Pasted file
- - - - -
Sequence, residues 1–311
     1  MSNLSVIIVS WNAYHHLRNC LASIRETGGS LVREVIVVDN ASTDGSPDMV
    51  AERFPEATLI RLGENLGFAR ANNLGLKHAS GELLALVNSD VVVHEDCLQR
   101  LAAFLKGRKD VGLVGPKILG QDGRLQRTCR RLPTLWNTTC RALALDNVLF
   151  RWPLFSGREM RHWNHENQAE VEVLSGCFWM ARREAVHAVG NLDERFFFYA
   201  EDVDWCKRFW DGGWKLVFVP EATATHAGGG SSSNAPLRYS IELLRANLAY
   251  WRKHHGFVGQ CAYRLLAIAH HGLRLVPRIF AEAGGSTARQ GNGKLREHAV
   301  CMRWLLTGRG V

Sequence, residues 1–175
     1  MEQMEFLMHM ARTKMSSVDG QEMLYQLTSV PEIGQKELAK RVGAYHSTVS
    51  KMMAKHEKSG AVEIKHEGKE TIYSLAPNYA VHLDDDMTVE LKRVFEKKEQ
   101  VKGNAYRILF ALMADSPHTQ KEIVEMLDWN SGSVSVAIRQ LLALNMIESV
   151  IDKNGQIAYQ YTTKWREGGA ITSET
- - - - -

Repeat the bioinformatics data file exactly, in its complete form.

Sequence, residues 1–311
     1  MSNLSVIIVS WNAYHHLRNC LASIRETGGS LVREVIVVDN ASTDGSPDMV
    51  AERFPEATLI RLGENLGFAR ANNLGLKHAS GELLALVNSD VVVHEDCLQR
   101  LAAFLKGRKD VGLVGPKILG QDGRLQRTCR RLPTLWNTTC RALALDNVLF
   151  RWPLFSGREM RHWNHENQAE VEVLSGCFWM ARREAVHAVG NLDERFFFYA
   201  EDVDWCKRFW DGGWKLVFVP EATATHAGGG SSSNAPLRYS IELLRANLAY
   251  WRKHHGFVGQ CAYRLLAIAH HGLRLVPRIF AEAGGSTARQ GNGKLREHAV
   301  CMRWLLTGRG V

Sequence, residues 1–175
     1  MEQMEFLMHM ARTKMSSVDG QEMLYQLTSV PEIGQKELAK RVGAYHSTVS
    51  KMMAKHEKSG AVEIKHEGKE TIYSLAPNYA VHLDDDMTVE LKRVFEKKEQ
   101  VKGNAYRILF ALMADSPHTQ KEIVEMLDWN SGSVSVAIRQ LLALNMIESV
   151  IDKNGQIAYQ YTTKWREGGA ITSET